While some say hygge, the Danish obsession with getting cosy, is passé, I say it is still very current and for the Danes, it’s not a trend, it’s a way of life. It is well and truly embedded in Danish culture. While there is no direct translation in English for hygge, it can be described as a feeling of unfussy cosiness, wellbeing and safety. It is loosely related to the English term ‘hug’, so in a way hygge is like a warm hug, but it’s not quite as straight forward as that.
Having just returned from three weeks in a hot (very very hot) climate, the winter is wreaking havoc in our house. I’m trying embrace the cosy, warm, snuggly things about life. Which, to me, says one thing. I need to get my hygge on. While hygge is not dependent on cold weather, the climate in Denmark means that warmth and cosiness are a big part of it.
As the parent of three small children I have looked longingly at interior magazines where the home has captured the essence of hygge. Simple Danish design, earthy tones, candles placed atmospherically around the room; simple, stylish and no clutter to be seen. Attaining hygge in my home seemed as likely as a family trip to the top of Mt Everest. Why would I even try?
Yet, having done a little bit more research into hygge, I now believe that hygge is an every-man’s concept and no matter what your circumstances, you can achieve elements of hygge in your life, even when you feel like you’re drowning in Tonka trucks and Barbie dolls.
Meik Wiking, Director of the Happiness Research Institute in Copenhagen and author of “The Little Book of Hygge: The Danish Way to Live Well” explains in his book that hygge is about “atmosphere, and experience, rather than about things. It is about being with the people we love. A feeling of home. A feeling we are safe…” On reading this I realised that not only was hygge possible with a busy and rowdy family life, it was necessary as an antidote to the busy chaotic lives we all lead.
Here are some of the key elements to hygge that Wiking outlines in his book and how, as busy parents, we can incorporate them into our everyday.
An essential element of hygge is human connection. Hygge is not about battening down the hatches once winter arrives and going in to hibernation. Inviting over a family, who have kids the same age as yours, for an afternoon or evening of sharing food and chatting is a way to create connection.
Part of hygge is the sharing of food so no need to take on cooking for the whole tribe, ask your guests to bring something to share. The kids play together and eat together, reinforcing their connection and the adults enjoy some conversation, wine and sharing of food while the kids play. Wiking notes in his chapter on togetherness that “the best predictor of whether we are happy or not is our social relationships.” So making the effort to create a connection will benefit your children, your guests and yourselves.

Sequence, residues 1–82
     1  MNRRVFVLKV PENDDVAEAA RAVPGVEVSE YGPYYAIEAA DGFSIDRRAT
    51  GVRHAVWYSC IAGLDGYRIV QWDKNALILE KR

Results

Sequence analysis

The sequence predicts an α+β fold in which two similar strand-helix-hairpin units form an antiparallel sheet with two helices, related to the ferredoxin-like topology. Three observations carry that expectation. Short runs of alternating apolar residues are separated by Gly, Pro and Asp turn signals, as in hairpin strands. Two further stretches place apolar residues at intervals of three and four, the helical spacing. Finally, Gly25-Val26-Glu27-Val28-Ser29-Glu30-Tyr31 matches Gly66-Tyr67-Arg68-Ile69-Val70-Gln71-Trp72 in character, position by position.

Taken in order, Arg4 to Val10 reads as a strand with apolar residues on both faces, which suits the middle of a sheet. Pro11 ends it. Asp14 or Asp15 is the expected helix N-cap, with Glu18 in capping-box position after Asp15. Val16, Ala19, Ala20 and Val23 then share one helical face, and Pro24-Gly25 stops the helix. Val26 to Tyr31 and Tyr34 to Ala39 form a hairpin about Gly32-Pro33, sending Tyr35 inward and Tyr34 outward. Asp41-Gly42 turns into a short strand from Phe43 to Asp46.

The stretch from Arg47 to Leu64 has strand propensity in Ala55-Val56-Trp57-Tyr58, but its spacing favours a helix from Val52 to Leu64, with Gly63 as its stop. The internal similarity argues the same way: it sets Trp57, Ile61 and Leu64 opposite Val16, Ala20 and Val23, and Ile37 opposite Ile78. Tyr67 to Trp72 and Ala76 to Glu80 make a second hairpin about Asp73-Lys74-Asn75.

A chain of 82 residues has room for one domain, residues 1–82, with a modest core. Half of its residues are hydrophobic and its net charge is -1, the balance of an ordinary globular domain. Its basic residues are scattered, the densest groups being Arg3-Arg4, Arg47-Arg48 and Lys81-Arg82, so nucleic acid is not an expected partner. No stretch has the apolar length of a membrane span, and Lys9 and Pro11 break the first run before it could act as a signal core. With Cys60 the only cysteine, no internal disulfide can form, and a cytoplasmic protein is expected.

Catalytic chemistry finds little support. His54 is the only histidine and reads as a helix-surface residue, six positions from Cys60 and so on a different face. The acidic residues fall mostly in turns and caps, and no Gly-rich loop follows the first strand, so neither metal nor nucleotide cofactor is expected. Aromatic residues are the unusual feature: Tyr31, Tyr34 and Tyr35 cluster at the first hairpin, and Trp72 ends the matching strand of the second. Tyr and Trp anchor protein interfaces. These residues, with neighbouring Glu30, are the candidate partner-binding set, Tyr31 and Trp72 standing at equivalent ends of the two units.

Food & Drink
Food and drink is another essential element to hygge, but it is simple low cost fare that wins the day. Slow cooked stews with meat and potatoes, cake, sweets with coffee or hot chocolate. The key that makes this hyggelige (meaning hygge-like, or hygge in nature) is the element of ritual attached to the food.
Spending a cold Sunday on a hike with your kids and coming back to a house smelling of a warming, slow cooked casserole. Getting your children to help bake a cake, it is the sitting down together for an afternoon tea of hot drinks and home made cake, that makes it hygge. A sense of smell is a wonderful trigger for nostalgia, and the smell of home made cakes or slow cooked stew can trigger wonderful memories for the gown ups, while making wonderful memories for their children.
Wiking describes homes as the ‘hygge headquarters’, which makes sense given the element of warmth, cosiness and safety that contributes to hygge. The hyggekrog, which translates roughly as a nook, is a space in your home where you can snuggle down with a blanket, a hot drink and a book.
Australian houses are less likely to have a nook like this, partly due to the modern trend of open-plan living, but it can be as simple as a favourite chair or corner of the sofa that you can retreat to. Cuddle up to your kids in this space, read a book together under a blanket or share a treat (such as a piece of that cake you baked earlier).
Candles are also considered a not-negotiable for achieving hygge. Having small children doesn’t exclude you from burning candles in the home – just make sure you place them out of reach of little hands, and don’t forget to blow them out. All things wood are another essential ingredient; wooden toys, timber floors, a piece (or several pieces) of timber furniture. Wood is hardwearing and durable so is the perfect material for a family home. And of course, wood to burn, but many modern homes are no longer built with open fires. An outdoor fire pit or chiminea is a great alternative to to an indoor open fire place – and no child would argue about toasting marshmallows outside.
Including elements of nature inside your home is another way to achieve hygge at home. Indoor plants, tree branches and leaves, twigs, pine cones and animal skins. Going on a nature walk with your kids is a great way to collect some of these elements, and spending an afternoon collating a nature display is a lovely way to do hygge (although probably leave the animals skins to the professionals!). Books and ceramics also make for a hyggelige feeling, and can be picked up cheaply in your local op shop.
Hygge isn’t expensive, in fact most hygge activities are frugal – encompassing connection, slow living and a feeling of wellbeing. Hygge is “humble and slow” according to Meik Wiking, which makes it a perfect lifestyle to incorporate into family life – after all, we know that our kids are happiest when life is simple, calm and full of love.